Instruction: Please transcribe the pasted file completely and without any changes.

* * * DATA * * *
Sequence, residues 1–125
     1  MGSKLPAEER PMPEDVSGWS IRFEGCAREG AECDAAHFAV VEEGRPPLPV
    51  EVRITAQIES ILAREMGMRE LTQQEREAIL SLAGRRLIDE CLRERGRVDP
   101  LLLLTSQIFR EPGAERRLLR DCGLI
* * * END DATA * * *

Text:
Sequence, residues 1–125
     1  MGSKLPAEER PMPEDVSGWS IRFEGCAREG AECDAAHFAV VEEGRPPLPV
    51  EVRITAQIES ILAREMGMRE LTQQEREAIL SLAGRRLIDE CLRERGRVDP
   101  LLLLTSQIFR EPGAERRLLR DCGLI